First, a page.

Funding for the first government-run dyslexia training scheme is unlikely to continue, even though the project has already been curtailed by the recession, experts have said.
Courses start this month after Sir Jim Rose, head of the Government's curriculum review, recommended that 4,000 teachers become dyslexia specialists - which would mean that most pupils will have access to a professional if they suffer from the condition.
But the pound;10 million for the training will only be paid by the Department for Children, Schools and Families (DCSF) for two years, and those running the courses say they are working on the assumption that no more money will be available.
This is despite the fact that the scheme has been lauded by ministers. Ed Balls, Schools Secretary, has said he was "personally committed" to tackling literacy problems, while Sir Jim has stressed the importance of specialist support.
Course leaders are urging teachers to sign up for training now while it is free. The recommendations were only made in June, and dyslexia charities are concerned that many don't know about the courses yet.
As The TES has reported, Sir Jim wanted one-to-one support for pupils. He said that practice had to be "strengthened", and stressed the need for well-trained teachers.
At first the courses are all being coordinated by The Dyslexia-SpLD Trust and run by existing providers. Next year the Training and Development Agency for Schools (TDA) will take over.
Around 500 people are expected to start courses this year, either in September or later in the term. It is hoped that places will be available next year for the rest of the 4,000.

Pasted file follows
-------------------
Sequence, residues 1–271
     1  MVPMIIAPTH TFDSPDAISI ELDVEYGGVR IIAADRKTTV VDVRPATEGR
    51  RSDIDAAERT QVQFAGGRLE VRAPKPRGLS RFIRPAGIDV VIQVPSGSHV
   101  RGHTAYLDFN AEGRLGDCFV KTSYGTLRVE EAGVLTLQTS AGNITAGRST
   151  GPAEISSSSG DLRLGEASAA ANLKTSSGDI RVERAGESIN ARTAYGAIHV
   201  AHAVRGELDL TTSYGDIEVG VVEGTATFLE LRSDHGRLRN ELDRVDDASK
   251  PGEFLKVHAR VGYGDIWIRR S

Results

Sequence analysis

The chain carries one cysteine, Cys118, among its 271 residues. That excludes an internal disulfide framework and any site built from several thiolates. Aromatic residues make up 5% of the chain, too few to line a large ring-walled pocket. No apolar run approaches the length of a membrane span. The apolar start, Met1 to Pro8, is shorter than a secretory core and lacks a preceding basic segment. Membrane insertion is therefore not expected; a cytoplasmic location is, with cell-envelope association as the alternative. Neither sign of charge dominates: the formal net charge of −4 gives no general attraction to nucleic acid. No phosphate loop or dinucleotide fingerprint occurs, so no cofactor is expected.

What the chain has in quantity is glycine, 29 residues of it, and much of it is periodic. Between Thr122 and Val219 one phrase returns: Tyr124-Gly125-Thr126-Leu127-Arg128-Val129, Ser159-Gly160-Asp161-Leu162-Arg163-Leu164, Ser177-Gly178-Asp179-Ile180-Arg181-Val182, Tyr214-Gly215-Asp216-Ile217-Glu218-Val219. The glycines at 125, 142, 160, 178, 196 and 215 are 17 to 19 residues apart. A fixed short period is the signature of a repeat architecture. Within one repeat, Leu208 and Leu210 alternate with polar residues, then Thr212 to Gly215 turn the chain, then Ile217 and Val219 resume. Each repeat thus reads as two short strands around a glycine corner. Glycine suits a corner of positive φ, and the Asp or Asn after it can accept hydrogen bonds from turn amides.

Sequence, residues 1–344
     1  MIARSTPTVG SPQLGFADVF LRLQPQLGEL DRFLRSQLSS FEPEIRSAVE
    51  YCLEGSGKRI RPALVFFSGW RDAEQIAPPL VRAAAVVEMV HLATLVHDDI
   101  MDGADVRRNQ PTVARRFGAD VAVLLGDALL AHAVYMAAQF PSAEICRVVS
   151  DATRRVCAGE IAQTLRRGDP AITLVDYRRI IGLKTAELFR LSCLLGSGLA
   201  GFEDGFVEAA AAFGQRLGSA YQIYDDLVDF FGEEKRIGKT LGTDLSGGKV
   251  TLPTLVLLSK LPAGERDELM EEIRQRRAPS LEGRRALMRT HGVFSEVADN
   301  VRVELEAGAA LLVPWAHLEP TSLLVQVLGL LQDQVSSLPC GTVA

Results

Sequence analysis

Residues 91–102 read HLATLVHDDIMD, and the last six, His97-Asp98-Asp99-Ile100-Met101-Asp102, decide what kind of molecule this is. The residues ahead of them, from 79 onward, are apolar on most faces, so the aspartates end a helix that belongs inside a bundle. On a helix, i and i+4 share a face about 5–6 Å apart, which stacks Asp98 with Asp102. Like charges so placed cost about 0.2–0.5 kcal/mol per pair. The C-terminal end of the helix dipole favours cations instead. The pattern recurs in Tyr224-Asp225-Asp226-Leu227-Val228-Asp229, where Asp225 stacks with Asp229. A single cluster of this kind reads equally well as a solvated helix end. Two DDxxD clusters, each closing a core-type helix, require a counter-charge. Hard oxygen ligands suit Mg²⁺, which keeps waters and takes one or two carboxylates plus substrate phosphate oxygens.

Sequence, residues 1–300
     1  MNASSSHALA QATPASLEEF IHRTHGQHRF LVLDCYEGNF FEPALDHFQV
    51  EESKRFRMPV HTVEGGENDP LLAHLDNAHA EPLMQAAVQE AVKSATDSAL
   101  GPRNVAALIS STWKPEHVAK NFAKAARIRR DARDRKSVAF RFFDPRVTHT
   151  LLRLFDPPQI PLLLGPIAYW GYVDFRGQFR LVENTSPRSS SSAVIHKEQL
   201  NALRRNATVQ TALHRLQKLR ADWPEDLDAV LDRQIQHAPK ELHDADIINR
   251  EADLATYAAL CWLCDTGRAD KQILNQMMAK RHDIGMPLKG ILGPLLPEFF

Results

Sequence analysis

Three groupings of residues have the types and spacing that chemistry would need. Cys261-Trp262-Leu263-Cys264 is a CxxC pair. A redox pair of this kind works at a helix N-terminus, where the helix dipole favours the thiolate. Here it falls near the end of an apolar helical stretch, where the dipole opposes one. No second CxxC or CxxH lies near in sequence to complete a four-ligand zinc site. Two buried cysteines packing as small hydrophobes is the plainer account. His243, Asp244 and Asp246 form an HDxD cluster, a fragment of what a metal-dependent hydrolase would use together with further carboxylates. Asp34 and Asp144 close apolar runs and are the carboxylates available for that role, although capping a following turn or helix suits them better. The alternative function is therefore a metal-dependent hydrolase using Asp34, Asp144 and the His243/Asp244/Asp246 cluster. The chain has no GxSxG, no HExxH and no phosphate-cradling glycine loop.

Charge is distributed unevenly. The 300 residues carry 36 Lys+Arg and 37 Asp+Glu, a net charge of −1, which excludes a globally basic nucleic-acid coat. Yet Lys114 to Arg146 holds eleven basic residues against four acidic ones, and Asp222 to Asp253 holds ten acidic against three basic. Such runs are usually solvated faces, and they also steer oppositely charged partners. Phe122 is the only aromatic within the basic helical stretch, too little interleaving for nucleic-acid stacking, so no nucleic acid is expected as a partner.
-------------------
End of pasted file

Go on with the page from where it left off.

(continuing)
But charities, who make up most of the providers, are concerned about taking on extra staff and expanding, only to find themselves without the same income in the future.
John Rack, director of the trust, said: "Everyone is gearing up to train as many people as possible now, because there is a risk that the funding will be withdrawn after two years. Everybody is concerned that two years' funding is not enough. We are going to put on a major push to recruit for January 2010 courses.
"It's unlikely we can get 4,000 trained within two years, but we are confident we can get that many started within the time. Enquiries for courses have actually dropped slightly this year, as people are waiting to see what funding is available.
"Everyone has worked hard over the summer to get structures in place. In the longer term, providers will need to recruit more tutors. We also need to make sure schools are on board and to get information to them about how this will work."
Sir Jim also recommended to include dyslexia courses within initial teacher training. The trust has invited 23 providers to run them.
A DCSF spokeswoman said: "We are currently working with the trust to encourage the uptake of specialist training from September to December this year and we are funding that.
"We will also continue to fund the trust for longer-term promotion and marketing, and for running the dyslexia helpline, as well as funding the training placements themselves.
"We are working with the TDA to finalise arrangements for it to take the recruitment forward from January 2010."